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3

1) To be looked at is the event that for each direction the numbers of steps taken in that direction is even. This however under the extra condition that the total number of steps is even (we are looking at times of the form $2n$). If $X_i$ denotes the number of steps in direction $i\in\{1,\dots,d\}$ then: $$P(X_1\text{ is even}\wedge\cdots\wedge X_d\text{ ...


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Hint: Consider a walker moving on an infinite one-dimensional uniform lattice (i.e. a line split into discrete points). Suppose the walker starts at the origin ($x=0$) and then moves a short distance $\delta$ either left or right in a short time $\Delta t$. The motion is assumed to be completely random, so the probabilities of moving both left and right are ...


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$P( \max \{X_1,...,X_M \} \geq X_0)=P(X_i \geq X_0$ for some i) = $1-P( \text{each }X_i < X_0)$. Now $P( \text{each }X_i < X_0)=\sum_{k=0}^n P(\text{each }X_i<X_0 \vert X_0=k) \cdot P(X_0 =k)$ =$\sum_{k=0}^n P( \text{each } X_i<k \text{ and } X_0=k)$ = $\sum_{k=1}^n \big[ P(X_1<k) \big]^M \cdot P(X_0=k)$. Note the k=0 term is 0.


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There was likely a typo in your question, as the sum is over an index $i$ that does not appear anywhere. I think the true equation is intended to be: $$ u_b = \sum_{i=1}^{\infty} P[S_1S_2\cdots S_i \neq 0, S_i=b]$$ You can prove that by defining $N_b$ as the random number of times we hit $b$ before returning to $0$ and then taking expectations of the ...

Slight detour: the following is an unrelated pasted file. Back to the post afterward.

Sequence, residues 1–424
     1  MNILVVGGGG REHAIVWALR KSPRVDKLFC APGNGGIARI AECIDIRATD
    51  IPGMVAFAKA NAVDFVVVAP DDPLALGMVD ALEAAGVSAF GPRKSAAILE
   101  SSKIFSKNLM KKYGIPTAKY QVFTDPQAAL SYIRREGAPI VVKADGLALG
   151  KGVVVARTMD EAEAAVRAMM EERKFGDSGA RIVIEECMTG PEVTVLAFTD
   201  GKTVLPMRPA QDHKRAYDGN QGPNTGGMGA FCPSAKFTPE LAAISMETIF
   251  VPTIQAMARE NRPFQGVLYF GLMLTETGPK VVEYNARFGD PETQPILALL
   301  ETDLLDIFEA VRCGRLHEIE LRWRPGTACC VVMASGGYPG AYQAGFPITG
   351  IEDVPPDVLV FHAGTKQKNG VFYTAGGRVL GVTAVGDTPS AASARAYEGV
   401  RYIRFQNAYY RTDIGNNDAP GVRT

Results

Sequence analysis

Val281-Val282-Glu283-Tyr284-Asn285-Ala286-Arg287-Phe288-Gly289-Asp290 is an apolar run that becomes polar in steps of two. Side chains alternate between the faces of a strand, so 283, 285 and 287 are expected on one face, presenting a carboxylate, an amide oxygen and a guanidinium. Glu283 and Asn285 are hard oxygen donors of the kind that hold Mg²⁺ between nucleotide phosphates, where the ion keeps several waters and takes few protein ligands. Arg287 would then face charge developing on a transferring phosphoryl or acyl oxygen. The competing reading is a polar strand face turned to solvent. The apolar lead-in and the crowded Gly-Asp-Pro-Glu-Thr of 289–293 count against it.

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For the loss of $k$ to kick in, he needs to win $k-a$ times. If he does that, he will never go broke (except maybe on the round he would quit because of the $k$ losses). He needs to win those $k-a$ within the first $2k-a$ games. So compute the chance he goes broke in less than $2k-a$ games and the expected length of a game in that scenario. This gives ...


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On a finite-dimensional cubic grid, it's possible to calculate the probability that an ant starting at $P$ lands at point $Q$ after $n$ steps, since there are at any time only finitely many positions the ant can occupy, although I don't know a closed form for the probability. On a cubic grid with uncountably many dimensions: Unless $P = Q$ and $n = 0$, the ...


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Setting $X^i=Y^i - \frac{1}{2} d_i$ and $g_i=\frac{1}{2}d_i - t_i$ gives you $A : X^i\leq -g_i$ and $B : X^i\geq g_i$. you can rewrite : $X^i = x+\sum_{l=1}^i \xi_i$ where $\xi_i$ are i.i.d r.v. taking in your case $\frac{1}{2}$ and $-\frac{1}{2}$ values with proba $p$ and $1-p$ If I choose $\mu$ such that $pe^{\frac{\mu}{2} }+(1-p)e^{-\frac{\mu}{2}}=1$, $...


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xivaxy, I don't think that's correct. Suppose $X_n = X_{n-1}$ with probability .5, and $X_n = 0$ with probability .5. We set $X_0 \ne 0$. Let $N$ be the first $n$ such that $X_n = 0$. $N$ is a stopping time because $1_{\{N=n\}}$ is a function of $(X_1,...,X_n)$ only. Then we have $\mathbb{E}[X_n 1_{\{N \ge n\}}] = \mathbb{E}[X_{n}]$ because $X_n \ne 0$ ...


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You move by $\sqrt{h}$ so that the variance of a step is proportional to $h$. This ensures that the variance after a fixed finite time is some fixed finite number. If you move by asymptotically less than $\sqrt{h}$ then the variance at a fixed finite time would go to zero as $h$ went to zero; if you move by asymptotically more then the variance would blow up ...



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